Former First Lady Michelle Obama is headlining a major push to increase voter turnout for the 2020 presidential election — a cause she says she embraced after seeing a major drop off in interest in voting in 2016.
Obama made the admission in a preview for her upcoming documentary, “Becoming,” which follows Obama’s quest to regain a “normal life” after leaving the White House, while also using her newfound status to press for public change, according to CNN. The film also follows the former First Lady’s book tour, promoting her autobiography of the same name.
Although little of the film is political, at least according to early reviews by primarily mainstream media outlets, Obama does talk about the 2016 election, and takes a more conciliatory tone towards those who voted Republican, laying much of the blame for then-nominee Hillary Clinton’s loss at the feet of Democratic voters who turned out to vote for her husband, former President Barack Obama, but not the 2016 nominee.
“I understand the people who voted for Trump,” Obama says. “The people who didn’t vote at all, the young people, the women, that’s when you think, man, people think this is a game,” she said. “It wasn’t just in this election. Every midterm. Every time Barack didn’t get the Congress he needed, that was because our folks didn’t show up. After all that work, they just couldn’t be bothered to vote at all. That’s my trauma.”
Women did turn out to vote in 2016, they just turned out to vote for Clinton’s opponent, then-Republican nominee Donald Trump. Young people are not a reliable part of any voter coalition, as Sen. Bernie Sanders (I-VT) found out earlier this year, when they materialized in droves for political rallies but failed to cast ballots to boost Sanders to the front of the pack of potential 2020 Democratic presidential nominees.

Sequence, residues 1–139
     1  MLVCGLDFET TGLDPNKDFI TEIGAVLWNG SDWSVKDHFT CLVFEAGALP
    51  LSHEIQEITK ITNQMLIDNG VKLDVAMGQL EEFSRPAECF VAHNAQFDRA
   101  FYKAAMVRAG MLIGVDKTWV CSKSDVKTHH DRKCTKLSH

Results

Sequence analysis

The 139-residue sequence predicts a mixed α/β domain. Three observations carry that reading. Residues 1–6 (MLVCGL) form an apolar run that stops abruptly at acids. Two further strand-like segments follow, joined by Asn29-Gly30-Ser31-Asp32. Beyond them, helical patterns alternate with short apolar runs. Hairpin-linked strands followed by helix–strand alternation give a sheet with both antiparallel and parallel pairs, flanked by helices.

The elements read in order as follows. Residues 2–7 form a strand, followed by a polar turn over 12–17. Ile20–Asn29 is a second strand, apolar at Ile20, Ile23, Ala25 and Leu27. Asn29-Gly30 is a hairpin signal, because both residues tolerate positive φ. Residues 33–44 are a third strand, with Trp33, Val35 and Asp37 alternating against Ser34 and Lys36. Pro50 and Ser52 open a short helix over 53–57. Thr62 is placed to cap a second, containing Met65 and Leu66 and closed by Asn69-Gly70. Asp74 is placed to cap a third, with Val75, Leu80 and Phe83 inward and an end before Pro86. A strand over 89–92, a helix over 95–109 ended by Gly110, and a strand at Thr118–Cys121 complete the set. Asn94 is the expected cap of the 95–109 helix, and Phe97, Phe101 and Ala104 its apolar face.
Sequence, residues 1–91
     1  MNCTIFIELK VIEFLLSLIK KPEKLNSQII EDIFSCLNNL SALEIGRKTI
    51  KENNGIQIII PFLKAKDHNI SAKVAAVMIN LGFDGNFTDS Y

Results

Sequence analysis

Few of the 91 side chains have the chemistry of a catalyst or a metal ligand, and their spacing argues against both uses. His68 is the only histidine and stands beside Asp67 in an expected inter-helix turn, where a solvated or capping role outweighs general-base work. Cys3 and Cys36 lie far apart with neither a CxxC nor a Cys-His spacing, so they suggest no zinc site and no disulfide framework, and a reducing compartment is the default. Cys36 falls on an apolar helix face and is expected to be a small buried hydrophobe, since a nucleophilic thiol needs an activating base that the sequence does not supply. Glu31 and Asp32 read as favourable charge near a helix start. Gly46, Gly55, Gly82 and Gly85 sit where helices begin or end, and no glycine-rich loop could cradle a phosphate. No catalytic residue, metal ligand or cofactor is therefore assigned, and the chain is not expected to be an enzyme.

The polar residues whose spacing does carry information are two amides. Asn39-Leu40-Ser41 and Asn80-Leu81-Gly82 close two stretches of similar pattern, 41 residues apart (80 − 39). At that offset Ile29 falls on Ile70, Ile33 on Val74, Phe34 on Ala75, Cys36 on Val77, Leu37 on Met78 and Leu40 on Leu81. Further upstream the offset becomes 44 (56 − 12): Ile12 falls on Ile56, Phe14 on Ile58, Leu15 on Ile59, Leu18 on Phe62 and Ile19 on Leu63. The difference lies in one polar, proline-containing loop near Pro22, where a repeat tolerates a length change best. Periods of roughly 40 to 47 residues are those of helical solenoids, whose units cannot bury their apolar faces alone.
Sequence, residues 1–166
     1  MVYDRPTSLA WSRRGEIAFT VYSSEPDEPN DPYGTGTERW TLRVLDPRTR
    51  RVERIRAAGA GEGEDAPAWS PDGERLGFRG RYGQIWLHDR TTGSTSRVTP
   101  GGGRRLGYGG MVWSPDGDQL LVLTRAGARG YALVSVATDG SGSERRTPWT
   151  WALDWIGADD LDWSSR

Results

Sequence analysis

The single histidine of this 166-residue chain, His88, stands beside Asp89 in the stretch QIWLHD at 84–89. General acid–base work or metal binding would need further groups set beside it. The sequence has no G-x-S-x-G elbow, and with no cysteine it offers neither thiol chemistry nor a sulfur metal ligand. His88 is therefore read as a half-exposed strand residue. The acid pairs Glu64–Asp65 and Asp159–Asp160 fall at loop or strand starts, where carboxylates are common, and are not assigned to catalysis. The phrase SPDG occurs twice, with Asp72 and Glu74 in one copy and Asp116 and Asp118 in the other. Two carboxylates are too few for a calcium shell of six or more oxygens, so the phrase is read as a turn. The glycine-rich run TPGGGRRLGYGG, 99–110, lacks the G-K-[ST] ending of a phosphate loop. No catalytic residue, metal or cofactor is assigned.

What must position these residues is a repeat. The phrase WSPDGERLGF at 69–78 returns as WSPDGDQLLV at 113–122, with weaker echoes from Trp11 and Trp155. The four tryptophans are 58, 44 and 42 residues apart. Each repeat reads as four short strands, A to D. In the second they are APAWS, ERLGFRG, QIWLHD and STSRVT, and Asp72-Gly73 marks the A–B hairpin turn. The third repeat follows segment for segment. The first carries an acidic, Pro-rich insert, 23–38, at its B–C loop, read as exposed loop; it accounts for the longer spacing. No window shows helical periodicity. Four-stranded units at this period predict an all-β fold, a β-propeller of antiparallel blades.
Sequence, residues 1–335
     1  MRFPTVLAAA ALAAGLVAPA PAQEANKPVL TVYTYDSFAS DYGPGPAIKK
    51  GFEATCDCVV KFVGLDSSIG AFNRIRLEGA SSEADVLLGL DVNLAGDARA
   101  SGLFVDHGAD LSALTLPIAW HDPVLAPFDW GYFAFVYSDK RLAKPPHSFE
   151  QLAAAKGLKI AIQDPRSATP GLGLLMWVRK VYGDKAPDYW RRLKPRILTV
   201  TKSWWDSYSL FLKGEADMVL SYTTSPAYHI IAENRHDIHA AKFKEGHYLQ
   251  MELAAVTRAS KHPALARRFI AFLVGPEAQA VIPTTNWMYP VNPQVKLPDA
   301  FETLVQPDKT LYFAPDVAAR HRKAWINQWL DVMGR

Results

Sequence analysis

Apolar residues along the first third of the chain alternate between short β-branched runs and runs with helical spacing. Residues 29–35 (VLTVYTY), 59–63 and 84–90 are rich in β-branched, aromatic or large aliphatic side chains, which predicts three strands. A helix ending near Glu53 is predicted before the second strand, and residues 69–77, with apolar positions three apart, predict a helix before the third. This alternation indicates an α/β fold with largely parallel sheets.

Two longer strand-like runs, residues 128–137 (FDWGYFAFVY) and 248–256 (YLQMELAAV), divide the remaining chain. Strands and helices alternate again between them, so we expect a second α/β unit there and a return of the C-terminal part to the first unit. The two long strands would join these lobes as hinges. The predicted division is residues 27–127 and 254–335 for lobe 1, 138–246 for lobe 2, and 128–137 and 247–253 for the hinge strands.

Where Obama is right, though, is in terms of coalitions. President Barack Obama drew out atypical voters in 2008 and again in 2012, giving the then-Democratic candidate a boost that previous Democratic candidates didn’t have. That same coalition failed to turn out for Clinton, perhaps because they simply weren’t as energized by the septugenarian former Senator and Secretary of State as they had been by the young Obama.
“Clinton saw noticeable dips in voter support among African-Americans, Hispanics, and voters under 30 compared to Obama in 2012. And African-American turnout fell by seven percentage points between 2012 and 2016, its first drop in 20 years,” Mediaite reports.
“It takes some energy to go high, and we were exhausted from it. Because when you are the first black anything,” Obama says.
“So the day I left the White House and I write about how painful it was to sit on that stage,” Obama added, referring to her required presence at President Donald Trump’s inauguration. “A lot of our folks didn’t vote. It was almost like a slap in the face.”
Obama has become a key figure in “get out the vote” efforts this time around, headlining an all-celebrity push to register first time voters.
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